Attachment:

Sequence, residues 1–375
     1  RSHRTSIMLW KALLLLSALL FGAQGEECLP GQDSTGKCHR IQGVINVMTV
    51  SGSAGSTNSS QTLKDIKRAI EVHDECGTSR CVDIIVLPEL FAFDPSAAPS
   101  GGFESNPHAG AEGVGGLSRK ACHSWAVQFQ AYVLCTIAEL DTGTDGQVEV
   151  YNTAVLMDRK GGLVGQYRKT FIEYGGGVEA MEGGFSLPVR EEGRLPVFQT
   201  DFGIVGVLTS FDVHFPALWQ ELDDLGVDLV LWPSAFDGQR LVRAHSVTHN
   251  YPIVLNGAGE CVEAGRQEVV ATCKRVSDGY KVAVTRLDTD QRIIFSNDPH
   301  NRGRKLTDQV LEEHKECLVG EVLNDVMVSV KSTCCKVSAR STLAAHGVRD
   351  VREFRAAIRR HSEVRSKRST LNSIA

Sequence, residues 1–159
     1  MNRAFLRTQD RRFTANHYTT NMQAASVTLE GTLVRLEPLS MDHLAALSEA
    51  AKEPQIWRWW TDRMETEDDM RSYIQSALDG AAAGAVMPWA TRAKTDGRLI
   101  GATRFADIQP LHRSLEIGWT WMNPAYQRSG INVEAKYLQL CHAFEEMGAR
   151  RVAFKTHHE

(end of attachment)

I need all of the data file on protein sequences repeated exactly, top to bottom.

Sequence, residues 1–375
     1  RSHRTSIMLW KALLLLSALL FGAQGEECLP GQDSTGKCHR IQGVINVMTV
    51  SGSAGSTNSS QTLKDIKRAI EVHDECGTSR CVDIIVLPEL FAFDPSAAPS
   101  GGFESNPHAG AEGVGGLSRK ACHSWAVQFQ AYVLCTIAEL DTGTDGQVEV
   151  YNTAVLMDRK GGLVGQYRKT FIEYGGGVEA MEGGFSLPVR EEGRLPVFQT
   201  DFGIVGVLTS FDVHFPALWQ ELDDLGVDLV LWPSAFDGQR LVRAHSVTHN
   251  YPIVLNGAGE CVEAGRQEVV ATCKRVSDGY KVAVTRLDTD QRIIFSNDPH
   301  NRGRKLTDQV LEEHKECLVG EVLNDVMVSV KSTCCKVSAR STLAAHGVRD
   351  VREFRAAIRR HSEVRSKRST LNSIA

Sequence, residues 1–159
     1  MNRAFLRTQD RRFTANHYTT NMQAASVTLE GTLVRLEPLS MDHLAALSEA
    51  AKEPQIWRWW TDRMETEDDM RSYIQSALDG AAAGAVMPWA TRAKTDGRLI
   101  GATRFADIQP LHRSLEIGWT WMNPAYQRSG INVEAKYLQL CHAFEEMGAR
   151  RVAFKTHHE